What isn’t Branded? We Brand market segments, demographic identifiers, and, of course, generations. It’s hard to find blank space anywhere, isn’t it?
Needless to say, the very mention of a Brand name conjures up images and associations that enable us to visualize, to value, to aspire, and to imagine experientially. Or—in the case of Brands we dislike—to even hate and reject based on personal or shared experience… or bias of one kind or another.
Our various people-based identifier Brand names are no different either.
If I reference the Roaring Twenties, gangsters and flappers and prohibition come to mind immediately. The Greatest Generation? Images of American soldiers slogging it out against the evil Nazis in WWII. Hippies: long hair, Woodstock: bell bottom jeans, and no doubt you can smell the marijuana. And Millennials? Don’t get me started.
But there is another Branded group I would like to address, one that meets all the criteria including inflaming passion, but one nevertheless that is rarely studied or discussed for its attributes and value as we do so many. Rather, this group is looked at as a Branded Political Barometer (BPB) that gauges our social and societal believes more than it does anything else.
DREAMERS. The very word on its own invokes associations with visionaries, idealists, romantics, and, most literally, with fantasists. To be fair, dreamers are also occasionally associated with air heads.
In the United States, the term has come to mean so much more. Wikipedia explains:
“The DREAM Act (Development, Relief, and Education for Alien Minors) is a piece of legislation first introduced to congress in 2001 that grants a pathway to citizenship to young people who were brought to the United States as children without documentation. These are young people who are American in every way except on paper. They have grown up in this country and consider themselves to be American, but lack the documents to fully engage in society.”
“There are some 800,000 DREAMERS who meet the qualifications that include education and good moral character.”
Yet in the charged political environment in which we live here in the United States, some consider Dreamers to be nothing more than illegal aliens…unlawfully present, taking food from the mouths of lawful citizens by stealing their jobs.
As I don’t write a political blog, I will stay away from the rights and wrongs of the partisan issue only to comment that most recent polls show a majority of US citizens across the spectrum, support Dreamers.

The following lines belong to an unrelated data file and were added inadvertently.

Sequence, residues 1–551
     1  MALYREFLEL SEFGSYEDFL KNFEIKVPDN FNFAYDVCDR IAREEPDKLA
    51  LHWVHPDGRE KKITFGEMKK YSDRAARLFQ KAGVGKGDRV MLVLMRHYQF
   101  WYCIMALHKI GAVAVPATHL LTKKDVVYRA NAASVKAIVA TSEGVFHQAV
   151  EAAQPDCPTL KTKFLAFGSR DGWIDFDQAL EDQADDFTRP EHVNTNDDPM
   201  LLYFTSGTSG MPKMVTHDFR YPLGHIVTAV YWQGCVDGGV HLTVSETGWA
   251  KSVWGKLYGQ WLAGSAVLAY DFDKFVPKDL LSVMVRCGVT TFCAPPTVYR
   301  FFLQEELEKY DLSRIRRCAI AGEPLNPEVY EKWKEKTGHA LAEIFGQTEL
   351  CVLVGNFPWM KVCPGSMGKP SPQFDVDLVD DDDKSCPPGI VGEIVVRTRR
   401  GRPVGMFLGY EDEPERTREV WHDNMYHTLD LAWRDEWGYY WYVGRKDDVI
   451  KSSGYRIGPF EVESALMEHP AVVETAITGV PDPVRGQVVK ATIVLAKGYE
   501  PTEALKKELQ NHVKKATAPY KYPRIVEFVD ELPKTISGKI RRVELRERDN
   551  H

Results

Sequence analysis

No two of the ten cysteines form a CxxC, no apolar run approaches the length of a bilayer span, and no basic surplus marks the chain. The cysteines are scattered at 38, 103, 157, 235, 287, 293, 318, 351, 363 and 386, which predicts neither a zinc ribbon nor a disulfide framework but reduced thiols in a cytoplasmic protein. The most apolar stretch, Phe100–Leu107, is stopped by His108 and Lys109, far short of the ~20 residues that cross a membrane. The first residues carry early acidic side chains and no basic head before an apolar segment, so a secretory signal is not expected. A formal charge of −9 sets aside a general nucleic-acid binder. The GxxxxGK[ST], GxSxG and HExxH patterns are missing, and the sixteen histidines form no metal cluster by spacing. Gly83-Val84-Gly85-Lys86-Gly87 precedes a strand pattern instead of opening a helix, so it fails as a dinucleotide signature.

A Politico poll conducted from August 31st to September 3rd reports:
“A majority of voters, 58 percent, think these undocumented immigrants, also known as Dreamers, should be allowed to stay and become citizens if they meet certain requirements — a sentiment that goes well beyond the existing DACA program. Another 18 percent think they should be allowed to stay and become legal residents, but not citizens. Only 15 percent think they should be removed or deported from the country.”
Frankly, for this writing, my interest in Dreamers is as a Marketing cohort, much as I am interested in Millennials and Generation Z. Based on what I have been reading and exploring, many businesses have been doing the same.
The New York Times confirms:
“At least 72 percent of the top 25 Fortune 500 companies employ DACA recipients”
Many industry leaders have spoken out in support of Dreamers:
A letter published on August 31st by FWD.us, an organization designed to assert values in league with business policies at the top, was signed by celebrity leaders like Jeff Bezos, Mark Zuckerberg, Sheryl Sandberg, Microsoft CEO Satya Nadella, Google CEO Sundar Pichai, with representatives ranging from brands such as Warby Parker, Tesla to the more conservative Wells Fargo. The letter explains:
“Dreamers are vital to the future of our companies and our economy. With them, we grow and create jobs. They are part of why we will continue to have a global competitive advantage.”
So, to that end, the demographic facts about Dreamers are more interesting to me. As we all know, right or wrong, at the end of the day it’s all about your current and future buying power.
In a National DACA Study conducted by UC San Diego professor Tom Wong, the following facts were revealed:
- Annual earnings increased 80% under DACA — from an average of $20,000 to an average of $36,000.
- 65% of DACA recipients bought their first car; 16% had become homeowners.
- 3% reported pursuing education they previously could not.
- 9% are currently in school, with 52.5% pursuing a bachelor’s degree.
- 5% started their own businesses.
- 1% are bilingual; 92.6% agree or strongly agree that their bilingualism is an asset to their employer.
With the average income for 25 to 34-year-olds in the United States reported as $39,416 by Business Insider, this suggests that DACA recipients are closer to the target income once they become part of the system… and are on track to make more as they get older.
In short, DREAMERS are making real things happen. Like all consumers, like all of us, they want the same things and are working to get them. DREAMERS are no different than Flappers, Hippies or Millennials in that they are bucketable as a group and unified as a consumption-based economic and social force.
Think about the cars to be sold, the houses to be bought, and the stores to be shopped. Think about the potential added value. Imagine… what would happen if we could change the rhetoric from Washington to Wall Street?
KNEE JERK ALERT! Don’t bother accusing me of either insensitivity or blindness. The bottom line is that DREAMERS are no different from you and me. They are no different from Hippies and Millennials. In fact, they are Millennials, too.
“The world needs dreamers and the world needs doers. But above all, the world needs dreamers who do.”
Sarah Ban Breathnach
And there you have it!
What do you think?